BREAKING: 3500 MHz auction nets $8.9B, $7.3B from incumbents
News | 07/29/2021 6:04 pm EDT
Canadian telecom companies — and wireless service hopefuls — have spent some $8.91 billion on the 3,500 MHz band of spectrum, according to preliminary results released Thursday afternoon by the Department of Innovation, Science, and Economic Development (ISED).
The 3,500 MHz band is widely seen as crucial to the roll out of 5G networks.
Rogers Communications Inc. was again the big spender in the auction, shelling out almost $3.33 billion for strips of spectrum along the valuable band, purchasing 325 licenses covering a population of just under 35 million people.
““This investment in 5G spectrum will build on our existing 5G assets and enable us to deliver the world-class connectivity Canada needs to increase productivity, fuel innovation, create jobs, and compete in a global economy for decades to come,” Rogers CEO Joe Natale said in a release.
The $3.38/MHz/pop figure on Rogers’ spending is significantly higher than the $1.71/MHz/pop the company spent in 2019.
Two years ago in the 600 MHz auction, Rogers spent some $1.7 billion licenses in that band of spectrum, while BCE Inc. decided to keep its checkbook in its pocket.
This time around Bell splashed out $2.07 billion for 271 licenses, covering a population of 34.3 million.
“Acquiring this significant additional 3500 MHz spectrum will drive Bell’s ongoing leadership in 5G, a critical component in our multibillion-dollar program to accelerate investment in Canada’s next-generation network infrastructure and services,” Bell president and CEO Mirko Bibic said in a statement.
Telus Corp. shelled out nearly $1.95 billion for 142 licenses covering a population of 24.9 million.
The $8.91 billion figure came in even higher than the $8 billion estimate first reported by the Globe and Mail that raised eyebrows from some analysts and industry-watchers. The announcement of big spending in Canada’s 3,500 MHz auction tracks with large numbers seen in other countries, like in the United States where the auction of a similar band of spectrum saw companies spend an eye-watering $80 billion.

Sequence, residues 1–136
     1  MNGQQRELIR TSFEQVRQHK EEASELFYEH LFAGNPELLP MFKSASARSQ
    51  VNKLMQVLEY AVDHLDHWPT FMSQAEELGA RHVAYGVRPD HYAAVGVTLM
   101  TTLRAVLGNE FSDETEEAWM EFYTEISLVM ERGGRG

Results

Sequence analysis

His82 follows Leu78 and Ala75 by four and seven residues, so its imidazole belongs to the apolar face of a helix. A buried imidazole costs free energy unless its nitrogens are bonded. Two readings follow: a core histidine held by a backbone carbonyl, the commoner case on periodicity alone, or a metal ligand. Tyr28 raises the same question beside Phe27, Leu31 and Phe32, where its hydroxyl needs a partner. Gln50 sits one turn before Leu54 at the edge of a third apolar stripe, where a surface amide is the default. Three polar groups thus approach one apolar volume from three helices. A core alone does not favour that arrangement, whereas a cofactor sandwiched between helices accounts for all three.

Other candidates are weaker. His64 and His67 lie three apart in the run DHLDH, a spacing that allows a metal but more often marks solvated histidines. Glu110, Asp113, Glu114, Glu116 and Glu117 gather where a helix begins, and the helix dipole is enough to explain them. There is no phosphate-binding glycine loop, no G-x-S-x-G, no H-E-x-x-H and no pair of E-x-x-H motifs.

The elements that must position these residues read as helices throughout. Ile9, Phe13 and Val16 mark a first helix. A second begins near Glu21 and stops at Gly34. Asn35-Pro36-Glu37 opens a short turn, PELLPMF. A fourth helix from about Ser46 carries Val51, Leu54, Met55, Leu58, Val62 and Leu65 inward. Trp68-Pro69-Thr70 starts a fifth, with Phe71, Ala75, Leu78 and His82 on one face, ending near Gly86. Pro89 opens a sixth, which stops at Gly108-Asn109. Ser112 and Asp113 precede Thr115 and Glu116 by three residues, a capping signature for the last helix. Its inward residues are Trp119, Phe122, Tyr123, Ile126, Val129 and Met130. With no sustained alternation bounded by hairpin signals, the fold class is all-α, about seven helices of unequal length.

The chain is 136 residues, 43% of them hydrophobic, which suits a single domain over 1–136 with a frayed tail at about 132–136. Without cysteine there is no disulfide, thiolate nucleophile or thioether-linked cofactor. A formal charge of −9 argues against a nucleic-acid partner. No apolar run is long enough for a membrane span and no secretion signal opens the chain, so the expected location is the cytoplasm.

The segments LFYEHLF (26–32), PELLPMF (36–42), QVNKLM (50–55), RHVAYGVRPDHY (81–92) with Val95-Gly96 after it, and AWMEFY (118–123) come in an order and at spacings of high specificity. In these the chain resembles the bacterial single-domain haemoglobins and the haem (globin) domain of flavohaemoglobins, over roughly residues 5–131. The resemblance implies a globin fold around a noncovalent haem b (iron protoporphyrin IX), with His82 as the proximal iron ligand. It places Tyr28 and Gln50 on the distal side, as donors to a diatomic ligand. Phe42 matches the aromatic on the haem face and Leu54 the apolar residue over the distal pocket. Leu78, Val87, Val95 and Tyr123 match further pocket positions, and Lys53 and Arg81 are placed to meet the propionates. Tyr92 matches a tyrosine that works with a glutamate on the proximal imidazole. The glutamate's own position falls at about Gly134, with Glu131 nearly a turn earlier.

While incumbents spent the vast majority of the money, other big spenders included Quebecor Inc., whose Videotron subsidiary spent just shy of $830 million on 294 licenses covering a population of just under 30 million. Videotron acquired a number of spectrum assets in Ontario, Alberta, and British Columbia.
Quebecor CEO Pierre Karl Péladeau recently teased the idea of taking the company’s Videotron wireless service national and purchasing Shaw Communications Inc.‘s wireless assets should the Competition Bureau mandate they be put up for sale as part of the review of that company’s merger with Rogers.
Shaw decided to sit out this spectrum auction on the heels of the announcement of its deal to be acquired by Rogers.
Cogeco Inc., one of the companies that could stand to benefit from the CRTC’s new mobile virtual network operator policy (which mandates that regional carriers with some level of spectrum be allowed to buy access on incumbent wireless networks), spent $295 million on 38 licenses covering a population of 10.3 million. Of its total, Cogeco spent $205 million for licenses in the greater Toronto area, the company said in a release.
“These spectrum investments, together with the recent CRTC regulatory decision on wireless services and our robust and growing regional broadband network, position Cogeco to further develop plans to enter the mobile wireless services market in a financially disciplined way in all of our core markets in Canada,” Cogeco president and CEO Philippe Jetté said in a Thursday statement.
Xplornet Communications Inc. likewise spent $244 million for 263 licenses covering a population of 16.6 million.
In a statement accompanying the release, ISED touted the results as a victory for smaller companies and competitiveness.
“In all 172 service areas, there is now at least one small or regional provider holding spectrum for the purpose of deploying new services to Canadians,” the release read. “Together, these small and regional providers have increased their total mobile spectrum holdings by over 50 per cent, strengthening their ability to offer competitive services.”
“As intended, small and regional providers have gained access to significantly more spectrum, meaning that Canadians can expect better wireless services at more competitive prices, which has never been more important for working, online learning and staying connected with loved ones,” Innovation Minister François-Philippe Champagne said in a release.
— Reporting by Michael Lee-Murphy at email@example.com and editing by Jenna Cocullo at firstname.lastname@example.org